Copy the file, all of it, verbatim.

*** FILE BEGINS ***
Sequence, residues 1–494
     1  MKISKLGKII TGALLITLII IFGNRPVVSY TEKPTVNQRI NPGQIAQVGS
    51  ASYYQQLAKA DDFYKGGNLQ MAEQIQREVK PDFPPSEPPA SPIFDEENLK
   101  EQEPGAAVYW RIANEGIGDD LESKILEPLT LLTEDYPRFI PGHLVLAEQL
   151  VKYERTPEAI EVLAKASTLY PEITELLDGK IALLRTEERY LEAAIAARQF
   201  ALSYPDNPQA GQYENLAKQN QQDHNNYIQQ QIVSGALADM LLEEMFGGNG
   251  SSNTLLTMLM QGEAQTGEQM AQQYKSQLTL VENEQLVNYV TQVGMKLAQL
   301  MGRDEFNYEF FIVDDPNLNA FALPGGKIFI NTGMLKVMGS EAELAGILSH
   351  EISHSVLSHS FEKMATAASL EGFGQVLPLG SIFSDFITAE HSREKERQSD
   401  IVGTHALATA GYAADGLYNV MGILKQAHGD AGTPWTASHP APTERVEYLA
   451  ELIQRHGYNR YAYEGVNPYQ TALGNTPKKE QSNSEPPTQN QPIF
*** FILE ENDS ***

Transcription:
Sequence, residues 1–494
     1  MKISKLGKII TGALLITLII IFGNRPVVSY TEKPTVNQRI NPGQIAQVGS
    51  ASYYQQLAKA DDFYKGGNLQ MAEQIQREVK PDFPPSEPPA SPIFDEENLK
   101  EQEPGAAVYW RIANEGIGDD LESKILEPLT LLTEDYPRFI PGHLVLAEQL
   151  VKYERTPEAI EVLAKASTLY PEITELLDGK IALLRTEERY LEAAIAARQF
   201  ALSYPDNPQA GQYENLAKQN QQDHNNYIQQ QIVSGALADM LLEEMFGGNG
   251  SSNTLLTMLM QGEAQTGEQM AQQYKSQLTL VENEQLVNYV TQVGMKLAQL
   301  MGRDEFNYEF FIVDDPNLNA FALPGGKIFI NTGMLKVMGS EAELAGILSH
   351  EISHSVLSHS FEKMATAASL EGFGQVLPLG SIFSDFITAE HSREKERQSD
   401  IVGTHALATA GYAADGLYNV MGILKQAHGD AGTPWTASHP APTERVEYLA
   451  ELIQRHGYNR YAYEGVNPYQ TALGNTPKKE QSNSEPPTQN QPIF